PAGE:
Varying Mesoscale Structures Influence Larval Fish Distribution in the Northern Gulf of Mexico

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Fisheries oceanography, Fronts and eddies, Ichthyoplankton distribution, Loop Current, Mesoscale variability, Thunnus thynnus

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The variability of mesoscale circulation structures in the Gulf of Mexico (GOM) was examined using satellite altimeter data collected between 1992 and 2008, and linkages between ocean circulation and the spatial distribution of larval fish were assessed. The abundance and distribution of the larvae of 5 pelagic fish taxa (Auxis spp., Euthynnus alleteratus, Thunnus thynnus, other Thunnus spp., and Coryphaena spp.) were estimated from surveys conducted by the National Oceanic and Atmospheric Administration National Marine Fisheries Service each spring between 1993 and 2007. We observed a tendency for higher northward extension of the Loop Current (LC) during spring each year, with maximum northern penetration in summer, although the exact location of the LC varied from year to year. Generally, higher total larval abundances occurred during years of high northward penetration in a region that was crossed by the LC during its excursions. However, the interannual variability of the LC was not mirrored in a general increase or decrease of larval fish densities in the water masses out of the LC front. Further, the results show that larvae of T. thynnus and Auxis spp. were more abundant within the boundaries of anticyclonic features (usually between 148 to 158 cm of sea surface height) and within GOM common waters, defined as the background waters in between the boundaries of mesoscale features. Our findings suggest that the position and strength of anticyclone mesoscale features in the GOM define a favorable spawning habitat for the species examined.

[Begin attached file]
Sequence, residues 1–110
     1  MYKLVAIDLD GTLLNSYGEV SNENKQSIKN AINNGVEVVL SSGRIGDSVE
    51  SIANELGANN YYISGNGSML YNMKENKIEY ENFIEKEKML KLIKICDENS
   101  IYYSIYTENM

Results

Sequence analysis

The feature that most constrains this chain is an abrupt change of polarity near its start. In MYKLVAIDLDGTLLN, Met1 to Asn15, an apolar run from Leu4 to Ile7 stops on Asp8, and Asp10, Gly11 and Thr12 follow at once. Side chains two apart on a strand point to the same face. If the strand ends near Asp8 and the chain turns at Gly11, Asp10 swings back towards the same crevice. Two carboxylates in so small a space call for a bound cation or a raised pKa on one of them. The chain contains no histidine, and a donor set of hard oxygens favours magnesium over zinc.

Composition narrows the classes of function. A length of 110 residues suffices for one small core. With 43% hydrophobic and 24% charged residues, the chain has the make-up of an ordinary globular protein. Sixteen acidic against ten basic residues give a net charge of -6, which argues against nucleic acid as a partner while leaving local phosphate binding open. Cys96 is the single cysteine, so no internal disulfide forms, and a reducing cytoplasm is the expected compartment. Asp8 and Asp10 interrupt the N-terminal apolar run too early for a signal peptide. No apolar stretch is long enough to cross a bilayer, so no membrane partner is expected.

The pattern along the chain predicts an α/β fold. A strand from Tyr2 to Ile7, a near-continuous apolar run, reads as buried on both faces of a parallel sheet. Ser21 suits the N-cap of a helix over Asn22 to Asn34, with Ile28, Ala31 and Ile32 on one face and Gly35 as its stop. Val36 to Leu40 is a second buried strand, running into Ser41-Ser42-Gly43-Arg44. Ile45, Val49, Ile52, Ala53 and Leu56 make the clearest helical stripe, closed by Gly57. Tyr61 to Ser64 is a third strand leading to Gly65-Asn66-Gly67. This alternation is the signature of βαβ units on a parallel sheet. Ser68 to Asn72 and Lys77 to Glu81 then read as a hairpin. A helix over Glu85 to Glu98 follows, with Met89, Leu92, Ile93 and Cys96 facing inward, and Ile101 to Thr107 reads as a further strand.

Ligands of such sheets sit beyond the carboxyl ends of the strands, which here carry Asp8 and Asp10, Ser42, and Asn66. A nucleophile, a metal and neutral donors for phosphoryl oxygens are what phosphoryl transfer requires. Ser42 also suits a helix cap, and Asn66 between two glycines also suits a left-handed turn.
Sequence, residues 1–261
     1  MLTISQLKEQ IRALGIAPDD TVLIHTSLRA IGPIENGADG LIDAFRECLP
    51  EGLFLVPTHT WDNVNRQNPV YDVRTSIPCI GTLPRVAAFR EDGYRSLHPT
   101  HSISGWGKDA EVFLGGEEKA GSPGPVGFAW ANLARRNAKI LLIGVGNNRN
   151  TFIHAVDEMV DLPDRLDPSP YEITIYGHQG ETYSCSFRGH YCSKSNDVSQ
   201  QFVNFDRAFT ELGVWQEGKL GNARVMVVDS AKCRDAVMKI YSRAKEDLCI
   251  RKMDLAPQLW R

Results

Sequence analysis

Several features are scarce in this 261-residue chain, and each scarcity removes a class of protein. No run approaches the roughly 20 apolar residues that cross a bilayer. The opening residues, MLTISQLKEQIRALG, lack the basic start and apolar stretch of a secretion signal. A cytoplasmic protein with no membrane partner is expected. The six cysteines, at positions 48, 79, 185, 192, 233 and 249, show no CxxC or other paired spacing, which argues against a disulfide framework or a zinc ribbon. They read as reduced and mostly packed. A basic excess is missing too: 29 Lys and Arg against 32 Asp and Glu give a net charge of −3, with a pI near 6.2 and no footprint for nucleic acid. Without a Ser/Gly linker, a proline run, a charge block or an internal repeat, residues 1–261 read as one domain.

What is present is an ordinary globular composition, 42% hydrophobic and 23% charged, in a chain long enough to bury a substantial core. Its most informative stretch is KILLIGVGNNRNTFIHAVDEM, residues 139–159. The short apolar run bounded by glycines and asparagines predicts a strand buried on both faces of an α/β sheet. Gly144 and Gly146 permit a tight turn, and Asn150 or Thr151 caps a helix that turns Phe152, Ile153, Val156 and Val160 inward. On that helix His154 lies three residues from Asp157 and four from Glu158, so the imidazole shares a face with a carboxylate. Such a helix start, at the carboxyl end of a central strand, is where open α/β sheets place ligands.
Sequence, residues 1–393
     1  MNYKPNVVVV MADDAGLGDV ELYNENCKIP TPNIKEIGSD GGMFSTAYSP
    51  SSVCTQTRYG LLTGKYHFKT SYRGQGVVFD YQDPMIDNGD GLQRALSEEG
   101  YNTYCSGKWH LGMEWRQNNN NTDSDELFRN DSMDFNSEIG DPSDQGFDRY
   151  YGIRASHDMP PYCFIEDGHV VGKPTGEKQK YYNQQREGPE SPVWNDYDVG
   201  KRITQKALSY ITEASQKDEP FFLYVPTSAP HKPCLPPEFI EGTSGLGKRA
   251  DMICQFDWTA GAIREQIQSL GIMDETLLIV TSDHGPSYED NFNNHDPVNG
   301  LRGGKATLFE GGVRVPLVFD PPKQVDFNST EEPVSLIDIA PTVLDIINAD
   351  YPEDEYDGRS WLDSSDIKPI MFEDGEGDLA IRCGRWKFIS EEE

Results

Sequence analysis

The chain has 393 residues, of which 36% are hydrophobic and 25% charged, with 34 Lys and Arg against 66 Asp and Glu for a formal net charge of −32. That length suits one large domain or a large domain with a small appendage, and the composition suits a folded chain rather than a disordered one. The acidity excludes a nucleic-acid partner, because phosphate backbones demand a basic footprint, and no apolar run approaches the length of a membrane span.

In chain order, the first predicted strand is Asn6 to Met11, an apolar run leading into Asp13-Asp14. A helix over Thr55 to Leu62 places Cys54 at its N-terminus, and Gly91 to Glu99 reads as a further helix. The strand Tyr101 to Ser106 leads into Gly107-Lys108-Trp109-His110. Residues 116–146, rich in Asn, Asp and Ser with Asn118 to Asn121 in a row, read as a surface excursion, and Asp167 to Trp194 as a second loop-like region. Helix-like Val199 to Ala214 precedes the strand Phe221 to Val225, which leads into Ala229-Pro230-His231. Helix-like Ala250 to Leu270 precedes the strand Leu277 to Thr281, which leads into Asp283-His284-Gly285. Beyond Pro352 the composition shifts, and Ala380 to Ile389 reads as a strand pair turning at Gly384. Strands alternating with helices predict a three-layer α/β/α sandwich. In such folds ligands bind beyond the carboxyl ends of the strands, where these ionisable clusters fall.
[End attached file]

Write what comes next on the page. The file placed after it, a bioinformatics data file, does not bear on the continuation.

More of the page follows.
Citation / Publisher Attribution

Marine Ecology Progress Series, v. 463, p. 245-257